The 2013 INDEX: Award council reviewed over 1,000 designs from 73 countries around the world — and after narrowing them down to 59 inspiring finalists they just announced this year's winners! Inhabitat reported live from Denmark at a star-studded black tie event in Elsinore, where the world's biggest design award has been granted to 5 brilliant designs that improve life. Read on for a first look at the winners of this year's €500,000 prize — from a street that can charge your EV as you drive to Copenhagen's concrete plan to combat climate change and packaging that makes food last four times longer!
While car technology has advanced by leaps and bounds in the past century, roads have remained basically unchanged since the late 1800s. Dutch designer Daan Roosegaard plans to change that by building a Smart Highway that can generate energy, wirelessly charge electric vehicles as they drive, and alert drivers to dangerous road conditions. Roosegaard believes that by harnessing innovative lighting technology and smart sensors we can make roads safer, more sustainable, and more interactive – imagine street signs that automatically adapt to traffic situations and lanes that light up to illuminate patches of black ice.
Rosengaarde will use the funds he receives from the INDEX: Award to push his concepts from prototype to product phase, and to generate new applications for smart road technologies in bike lanes and airport landing tracks. He is also planning to launch a pilot of his Smart Highway in Africa or India.
A recent study by the Institution of Mechanical Engineers found that up to 50% of all food produced is thrown away due to spoilage — that’s up to two billion tons each year. It’s a staggering figure even before you begin to account for all of the energy, water, and land needed to produce that much food. To address the issue, designer and inventor Kavita Shukla has developed a simple sheet of paper that can keep your fruits and vegetables fresh for 2-4 times longer. Shukla’s FreshPaper is infused with organic spices (including fenugreek) that inhibit bacterial and fungal growth, and it’s biodegradable, compostable, recyclable, and affordable.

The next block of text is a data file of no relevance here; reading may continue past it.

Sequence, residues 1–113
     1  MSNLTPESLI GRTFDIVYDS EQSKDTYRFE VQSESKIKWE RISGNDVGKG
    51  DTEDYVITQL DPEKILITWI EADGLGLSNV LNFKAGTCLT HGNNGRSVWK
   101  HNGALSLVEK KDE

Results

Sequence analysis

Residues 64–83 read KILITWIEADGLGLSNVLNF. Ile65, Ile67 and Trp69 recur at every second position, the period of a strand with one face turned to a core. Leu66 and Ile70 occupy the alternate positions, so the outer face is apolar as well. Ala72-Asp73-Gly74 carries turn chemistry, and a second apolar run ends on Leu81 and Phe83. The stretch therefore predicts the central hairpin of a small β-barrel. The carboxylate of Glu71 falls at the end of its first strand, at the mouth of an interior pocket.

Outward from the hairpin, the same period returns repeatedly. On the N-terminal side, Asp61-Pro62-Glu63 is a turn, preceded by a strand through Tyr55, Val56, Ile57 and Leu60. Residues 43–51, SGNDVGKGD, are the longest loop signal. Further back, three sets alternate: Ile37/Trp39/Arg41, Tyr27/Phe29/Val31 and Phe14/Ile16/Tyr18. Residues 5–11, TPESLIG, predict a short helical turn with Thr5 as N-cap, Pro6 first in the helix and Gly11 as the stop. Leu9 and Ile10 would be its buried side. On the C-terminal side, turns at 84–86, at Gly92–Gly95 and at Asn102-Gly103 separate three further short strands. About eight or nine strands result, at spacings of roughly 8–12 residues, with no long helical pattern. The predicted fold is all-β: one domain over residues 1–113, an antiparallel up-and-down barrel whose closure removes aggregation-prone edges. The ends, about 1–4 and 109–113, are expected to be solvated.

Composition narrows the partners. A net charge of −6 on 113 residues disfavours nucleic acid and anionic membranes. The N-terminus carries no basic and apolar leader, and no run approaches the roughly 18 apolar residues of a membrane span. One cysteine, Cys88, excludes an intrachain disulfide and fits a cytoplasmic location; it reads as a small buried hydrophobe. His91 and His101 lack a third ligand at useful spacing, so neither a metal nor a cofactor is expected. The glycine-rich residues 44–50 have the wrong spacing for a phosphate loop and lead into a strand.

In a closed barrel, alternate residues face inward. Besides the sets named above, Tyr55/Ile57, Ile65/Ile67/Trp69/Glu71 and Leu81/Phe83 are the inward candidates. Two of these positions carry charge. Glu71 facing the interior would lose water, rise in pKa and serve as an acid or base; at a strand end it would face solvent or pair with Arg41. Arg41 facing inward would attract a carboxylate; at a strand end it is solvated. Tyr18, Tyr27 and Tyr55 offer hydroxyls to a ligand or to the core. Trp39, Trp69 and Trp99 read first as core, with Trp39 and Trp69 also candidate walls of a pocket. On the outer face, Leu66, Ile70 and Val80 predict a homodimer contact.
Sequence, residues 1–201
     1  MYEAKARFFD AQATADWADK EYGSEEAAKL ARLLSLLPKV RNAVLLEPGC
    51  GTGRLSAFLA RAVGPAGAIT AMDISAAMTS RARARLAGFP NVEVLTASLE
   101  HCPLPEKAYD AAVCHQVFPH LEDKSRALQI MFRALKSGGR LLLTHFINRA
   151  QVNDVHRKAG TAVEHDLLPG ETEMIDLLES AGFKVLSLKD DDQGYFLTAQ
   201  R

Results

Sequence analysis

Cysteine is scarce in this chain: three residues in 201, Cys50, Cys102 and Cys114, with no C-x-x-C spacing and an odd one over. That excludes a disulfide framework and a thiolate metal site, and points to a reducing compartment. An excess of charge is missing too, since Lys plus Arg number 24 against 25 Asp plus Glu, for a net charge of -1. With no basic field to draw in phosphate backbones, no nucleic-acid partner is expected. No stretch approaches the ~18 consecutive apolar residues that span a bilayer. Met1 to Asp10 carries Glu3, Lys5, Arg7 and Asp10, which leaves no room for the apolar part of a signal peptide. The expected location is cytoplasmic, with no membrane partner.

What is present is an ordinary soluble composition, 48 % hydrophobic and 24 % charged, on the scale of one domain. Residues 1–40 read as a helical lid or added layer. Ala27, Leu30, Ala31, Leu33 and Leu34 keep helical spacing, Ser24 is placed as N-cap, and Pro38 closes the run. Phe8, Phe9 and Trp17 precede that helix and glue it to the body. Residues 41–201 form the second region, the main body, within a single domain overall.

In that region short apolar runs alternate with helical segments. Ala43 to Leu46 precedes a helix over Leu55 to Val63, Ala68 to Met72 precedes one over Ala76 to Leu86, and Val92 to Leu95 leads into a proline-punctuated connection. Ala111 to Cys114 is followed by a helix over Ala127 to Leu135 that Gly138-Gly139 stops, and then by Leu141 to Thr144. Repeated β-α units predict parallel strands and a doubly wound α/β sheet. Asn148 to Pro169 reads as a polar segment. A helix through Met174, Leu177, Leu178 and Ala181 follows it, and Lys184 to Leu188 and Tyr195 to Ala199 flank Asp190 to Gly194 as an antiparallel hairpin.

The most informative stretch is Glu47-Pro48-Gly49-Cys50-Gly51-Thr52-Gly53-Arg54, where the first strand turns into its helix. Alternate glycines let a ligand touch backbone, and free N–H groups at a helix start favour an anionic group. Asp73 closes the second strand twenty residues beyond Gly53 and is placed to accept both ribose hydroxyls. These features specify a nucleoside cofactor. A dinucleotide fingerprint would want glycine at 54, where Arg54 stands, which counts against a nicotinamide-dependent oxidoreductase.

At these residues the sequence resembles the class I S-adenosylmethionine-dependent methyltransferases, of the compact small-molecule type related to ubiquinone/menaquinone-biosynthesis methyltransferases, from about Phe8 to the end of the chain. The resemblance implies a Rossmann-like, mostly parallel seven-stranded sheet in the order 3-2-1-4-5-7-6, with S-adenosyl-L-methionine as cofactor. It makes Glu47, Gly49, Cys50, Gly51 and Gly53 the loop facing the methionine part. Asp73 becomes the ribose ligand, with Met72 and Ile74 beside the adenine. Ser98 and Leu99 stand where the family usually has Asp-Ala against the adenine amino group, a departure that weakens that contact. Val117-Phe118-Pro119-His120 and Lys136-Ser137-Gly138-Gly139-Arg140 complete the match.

Shukla’s company Fenugreen plans to offer FreshPaper under a BOGO (buy one give one) model — for every pack purchased, the company will donate a pack to a food shelter. Shukla plans to use the funds from the INDEX: Award to identify new markets and applications for FreshPaper in areas where refrigeration is not readily available and improve and develop new and improved production processes.
In the past year, the world’s changing climate has subjected cities to record heat waves, devastating droughts, hurricanes, and major floods. As the planet’s population continues to skyrocket, it’s clear that the time is now to safeguard our urban centers. Copenhagen is leading the way with a Climate Adaption Plan that addresses these challenges by focusing on green growth. The plan assesses what the Danish capital’s greatest challenges are and seeks to minimize damage from climate change, establish warning and response systems, and construct resilient infrastructure that is able to withstand natural disasters.
Raspberry Pi is a tiny, affordable computer that aims to give the youth of today the skills they need to create and succeed in the digital age. The $25 computer costs less than most textbooks, yet it can be used as a robust tool to teach kids the basics of programming. It runs on open-source software and it simplifies the digital world by taking transparency literally — the computer’s guts are exposed so that kids can make visual connections between the different parts of a working computer. So far the device has been a smash success — in 2012 Raspberry Pi sold 100 million units, making it the fastest growing computer company in the world.
The Raspberry Pi Foundation plans to use funds from the INDEX: Award to expand its core team in order to produce additional educational support material. By providing more teaching resources, the company hopes to bring the device to more schools and ensure that non-specialist teachers can deliver high-quality lessons to students.
Each year millions of babies and mothers pass away due to birthing complications. However, many of these deaths can be prevented with proper tools and training. Laerdal Global Health‘s Natalie Collection is a set of three effective, low-cost solutions that can reduce child and maternal mortality rates by 47% by teaching midwives and birth assistants life-saving skills. The NeoNatalie Suction is a soft tool that can easily applied to a baby’s nostrils; the NeoNatalie Newborn Simulator is a model of a newborn with realistic head articulation, weight, heartbeat, and umbilical pulse; and the MamaNatalie Birthing Simulator is a wearable device that simulates a womb. These teaching tools can be used to strengthen and simplify lessons and save countless lives.
Laerdal Global Health plans to donate proceeds from the INDEX: Award to the International Confederation of Midwives to support the Helping Mothers Survive and Helping Babies Breathe training programs.
INDEX: Award ceremony photos by Mike Chino for Inhabitat